European Jews tend to use the word “pushka” for ‘charity box’. What is the origin of the word?

As far as I can tell, Slavic languages use somewhat similar sounding words for ‘container’. In particular, in Polish ‘puszka’ means ‘[tin/metal] container’. Perhaps it evolved from there being that coins deposited in such a container would jingle thereby calling attention for almsgiving.

I realize the above theory may be the origin but I’m curious if others agree or if there are other theories.

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From Yiddish Word of the Week here:

Etymology: There seems to be a dispute about etymology here. Leo Rosten, in his Joys of Yiddish (p. 296; unfortunately not available online), argues that it derives from the Polish word for can, “puszka.” Thus, a pushke is simply “a little can or container kept in the home, often in the kitchen, in which money to be donated to a charity is accumulated.” While this would seem to be the simplest explanation, I am intrigued by another, which I found here: Apparently (at least according to the Jastrow dictionary), the Aramaic word pushka (פושקא) or (פושכא), means “handsbreadth, palm.” As such, the word, in its Yiddish context, refers to the stretching out of the hand to receive alms. When taken together, the two sources form a whole: One stretches out one’s pushka with a pushke in it in order to receive tzedoke.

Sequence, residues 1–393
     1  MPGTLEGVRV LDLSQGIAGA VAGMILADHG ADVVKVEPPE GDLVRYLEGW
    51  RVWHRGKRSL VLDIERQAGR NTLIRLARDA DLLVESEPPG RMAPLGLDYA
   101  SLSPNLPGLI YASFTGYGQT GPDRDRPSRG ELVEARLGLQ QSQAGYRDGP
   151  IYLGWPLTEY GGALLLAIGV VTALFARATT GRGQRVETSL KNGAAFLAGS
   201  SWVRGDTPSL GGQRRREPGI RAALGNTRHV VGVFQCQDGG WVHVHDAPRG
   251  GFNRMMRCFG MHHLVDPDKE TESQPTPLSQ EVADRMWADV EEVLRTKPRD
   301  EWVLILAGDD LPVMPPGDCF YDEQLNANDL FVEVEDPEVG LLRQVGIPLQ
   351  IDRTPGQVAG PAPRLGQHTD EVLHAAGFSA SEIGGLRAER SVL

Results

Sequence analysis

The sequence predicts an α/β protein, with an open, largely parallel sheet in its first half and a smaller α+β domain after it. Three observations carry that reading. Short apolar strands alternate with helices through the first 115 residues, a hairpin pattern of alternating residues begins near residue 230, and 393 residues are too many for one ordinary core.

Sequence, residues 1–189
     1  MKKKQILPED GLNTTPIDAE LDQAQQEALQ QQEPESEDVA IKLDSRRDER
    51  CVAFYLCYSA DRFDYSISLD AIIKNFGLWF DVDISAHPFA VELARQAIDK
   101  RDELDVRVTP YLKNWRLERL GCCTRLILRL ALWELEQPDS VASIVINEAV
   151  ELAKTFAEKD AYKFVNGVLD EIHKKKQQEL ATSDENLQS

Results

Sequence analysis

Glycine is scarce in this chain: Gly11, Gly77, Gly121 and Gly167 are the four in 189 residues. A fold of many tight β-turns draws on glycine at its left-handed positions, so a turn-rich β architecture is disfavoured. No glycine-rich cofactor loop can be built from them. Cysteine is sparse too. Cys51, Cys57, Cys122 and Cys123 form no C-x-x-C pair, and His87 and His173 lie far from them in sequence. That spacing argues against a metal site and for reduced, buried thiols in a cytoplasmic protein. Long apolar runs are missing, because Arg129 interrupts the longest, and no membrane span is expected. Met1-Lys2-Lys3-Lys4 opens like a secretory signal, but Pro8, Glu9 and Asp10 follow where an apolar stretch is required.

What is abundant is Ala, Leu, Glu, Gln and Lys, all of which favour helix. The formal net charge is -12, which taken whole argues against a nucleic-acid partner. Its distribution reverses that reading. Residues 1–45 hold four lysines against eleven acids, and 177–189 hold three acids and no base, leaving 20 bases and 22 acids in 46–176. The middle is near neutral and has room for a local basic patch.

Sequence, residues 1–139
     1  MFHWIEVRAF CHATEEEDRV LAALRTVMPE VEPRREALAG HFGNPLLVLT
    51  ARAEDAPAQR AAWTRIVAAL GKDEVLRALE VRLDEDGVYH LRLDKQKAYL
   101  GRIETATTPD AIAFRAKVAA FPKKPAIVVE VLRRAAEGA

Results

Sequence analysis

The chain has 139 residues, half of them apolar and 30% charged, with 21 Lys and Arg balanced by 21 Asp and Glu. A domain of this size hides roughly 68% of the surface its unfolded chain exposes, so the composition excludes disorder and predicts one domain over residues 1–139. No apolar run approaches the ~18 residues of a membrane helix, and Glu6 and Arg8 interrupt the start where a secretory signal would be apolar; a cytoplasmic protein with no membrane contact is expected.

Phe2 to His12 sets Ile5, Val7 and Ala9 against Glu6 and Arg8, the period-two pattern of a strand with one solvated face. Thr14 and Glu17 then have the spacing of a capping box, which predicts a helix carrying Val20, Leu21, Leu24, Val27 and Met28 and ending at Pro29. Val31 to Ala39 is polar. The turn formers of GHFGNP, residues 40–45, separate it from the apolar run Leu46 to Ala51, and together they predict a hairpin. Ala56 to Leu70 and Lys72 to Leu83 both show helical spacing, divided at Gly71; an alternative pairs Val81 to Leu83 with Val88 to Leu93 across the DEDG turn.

Also, Shaul Stampfer agrees that it comes from the Polish, see here, footnote 1.

  • 2
    Though it most definitely comes from the Polish word, the fact that an interesting chiddush can be made from the Aramaic word is awesome! +1 – ezra Mar 10 at 3:58

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